Sending blessings for the coming week.

Mary & Cole

Friday, November 1, 2019


Gerry found this table on an East Coast online auction and was able to acquire it for a great price....

I thought that the charge to ship the table to California would be about $550-$ actuality that number was way off. The actual price to ship the table nearly double my rough estimate as I wanted to crate the table to prevent damage........I was assuming that the top was in fairly good condition.........wrong! When the table arrived (no damage in shipping whatsoever) it was immediately apparent that the top would need to be re-lacquered. (we could have skipped the crating charges). Some dealer friends suggested that it just be touched up----not my way of doing things as I send pieces all over the world and I have a pristine online presence (as far as I know) and want my customers to be 100% happy with what they buy.
Rolando has had the table top for a few weeks. I went to check on the table on Tuesday.......and it is gorgeous. Rolando was able to restore all of the goat skin seams (it can be a struggle, sometimes impossible, to re-align and glue down the edges of the skins).
It's not quite ready, but take a look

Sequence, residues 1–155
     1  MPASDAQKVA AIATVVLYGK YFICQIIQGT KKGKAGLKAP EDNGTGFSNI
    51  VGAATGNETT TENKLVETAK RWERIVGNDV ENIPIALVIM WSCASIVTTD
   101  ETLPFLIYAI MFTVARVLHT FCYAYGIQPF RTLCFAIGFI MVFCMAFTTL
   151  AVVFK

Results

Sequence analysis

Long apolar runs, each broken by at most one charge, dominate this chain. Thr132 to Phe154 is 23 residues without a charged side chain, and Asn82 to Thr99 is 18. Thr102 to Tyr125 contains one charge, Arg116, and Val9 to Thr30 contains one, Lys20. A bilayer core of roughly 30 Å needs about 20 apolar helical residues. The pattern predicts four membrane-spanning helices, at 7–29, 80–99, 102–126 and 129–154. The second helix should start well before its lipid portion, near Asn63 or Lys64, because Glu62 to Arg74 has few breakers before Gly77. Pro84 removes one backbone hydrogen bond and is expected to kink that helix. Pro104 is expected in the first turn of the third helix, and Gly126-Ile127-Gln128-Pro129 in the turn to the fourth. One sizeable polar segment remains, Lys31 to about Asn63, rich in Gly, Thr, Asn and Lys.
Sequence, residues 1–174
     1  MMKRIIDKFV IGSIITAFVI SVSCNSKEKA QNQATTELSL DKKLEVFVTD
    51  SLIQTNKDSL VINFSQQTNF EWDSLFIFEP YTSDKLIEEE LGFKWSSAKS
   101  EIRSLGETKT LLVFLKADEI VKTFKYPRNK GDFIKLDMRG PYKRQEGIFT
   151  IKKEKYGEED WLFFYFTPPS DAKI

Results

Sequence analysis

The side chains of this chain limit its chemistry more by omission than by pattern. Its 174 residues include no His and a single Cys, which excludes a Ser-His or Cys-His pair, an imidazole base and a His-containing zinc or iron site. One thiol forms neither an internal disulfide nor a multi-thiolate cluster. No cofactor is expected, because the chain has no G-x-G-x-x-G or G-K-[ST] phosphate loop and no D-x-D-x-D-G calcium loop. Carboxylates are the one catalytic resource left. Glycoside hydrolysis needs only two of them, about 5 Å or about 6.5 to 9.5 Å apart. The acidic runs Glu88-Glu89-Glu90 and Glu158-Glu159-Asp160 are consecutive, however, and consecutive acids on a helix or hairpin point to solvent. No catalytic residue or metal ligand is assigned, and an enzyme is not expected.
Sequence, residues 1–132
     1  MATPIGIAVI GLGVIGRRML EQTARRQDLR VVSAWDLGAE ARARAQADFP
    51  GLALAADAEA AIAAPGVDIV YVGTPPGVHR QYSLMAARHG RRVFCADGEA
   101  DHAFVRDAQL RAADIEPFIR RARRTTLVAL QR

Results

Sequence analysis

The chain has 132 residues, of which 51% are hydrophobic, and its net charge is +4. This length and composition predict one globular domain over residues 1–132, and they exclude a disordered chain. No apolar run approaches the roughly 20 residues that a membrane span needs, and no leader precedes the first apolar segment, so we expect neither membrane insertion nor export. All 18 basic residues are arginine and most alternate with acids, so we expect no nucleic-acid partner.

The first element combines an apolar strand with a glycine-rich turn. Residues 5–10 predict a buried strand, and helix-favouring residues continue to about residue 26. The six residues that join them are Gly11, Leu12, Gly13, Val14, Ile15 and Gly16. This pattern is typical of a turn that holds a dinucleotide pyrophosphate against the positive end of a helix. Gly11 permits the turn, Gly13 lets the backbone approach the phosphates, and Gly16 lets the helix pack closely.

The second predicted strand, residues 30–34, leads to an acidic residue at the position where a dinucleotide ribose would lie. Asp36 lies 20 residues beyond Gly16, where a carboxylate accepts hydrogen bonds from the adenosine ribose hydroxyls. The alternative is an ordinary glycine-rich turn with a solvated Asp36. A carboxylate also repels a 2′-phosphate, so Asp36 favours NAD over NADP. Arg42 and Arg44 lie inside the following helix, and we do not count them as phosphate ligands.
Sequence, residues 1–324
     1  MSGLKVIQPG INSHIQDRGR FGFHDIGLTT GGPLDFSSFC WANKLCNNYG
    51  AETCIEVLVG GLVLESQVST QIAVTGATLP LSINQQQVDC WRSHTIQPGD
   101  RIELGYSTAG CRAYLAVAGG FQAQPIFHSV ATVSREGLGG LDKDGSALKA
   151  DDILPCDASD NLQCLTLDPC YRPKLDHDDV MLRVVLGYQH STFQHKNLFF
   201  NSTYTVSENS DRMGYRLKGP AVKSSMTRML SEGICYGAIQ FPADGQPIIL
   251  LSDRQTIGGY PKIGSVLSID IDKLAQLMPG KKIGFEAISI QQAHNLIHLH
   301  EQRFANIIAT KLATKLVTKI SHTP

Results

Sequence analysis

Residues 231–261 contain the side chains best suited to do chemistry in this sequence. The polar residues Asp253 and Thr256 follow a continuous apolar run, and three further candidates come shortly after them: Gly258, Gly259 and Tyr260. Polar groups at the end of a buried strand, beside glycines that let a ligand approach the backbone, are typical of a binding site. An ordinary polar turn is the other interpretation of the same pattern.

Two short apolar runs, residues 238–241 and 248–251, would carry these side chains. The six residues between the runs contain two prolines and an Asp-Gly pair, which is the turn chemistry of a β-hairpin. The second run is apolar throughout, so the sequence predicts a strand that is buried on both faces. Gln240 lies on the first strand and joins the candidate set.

The lines are where the seams of the goat skins meet and the mottling is desirable. Rolando is finishing up the lacquer today and Monday. Can't wait to see it in the shop. The table will seat six, but it would make a great center table or even a desk.

Wishing you all a super week-end! No smoke and no sand from the desert for us today.

Mary & Cole

Wednesday, October 30, 2019


Roberto squeezed in a few hours for me on Tuesday. In the process of waxing the benches, we discovered that the benches are definitely early 19th century and were completely hand-planed and they retain their original surfaces. Additionally,  I discovered a couple of square nails--all of these details attest to the benches being very early 19th century. What more could I ask for. And......they are not oak; the benches are constructed with the much more desirable and now almost unavailable European chestnut. Which is why they acquired a warn soft touch when waxed.


PLEASE pray for our firefighters, those who have lost their homes and those who are evacuated. 

Thanks for visiting. Off to Auction tomorrow--I didn't see much today, but maybe something will show up.


Mary & Cole

Sunday, October 27, 2019


The best thing about selling inventory is the space to reorganize and showcase inventory that was in hiding without being able to stretch and show off.
This week was one of those weeks......I didn't win the little Italian chest that I coveted, but the shadow side is that I had extra space to reorganize. Best of all, Roberto had 4 extra hours and we hustled.......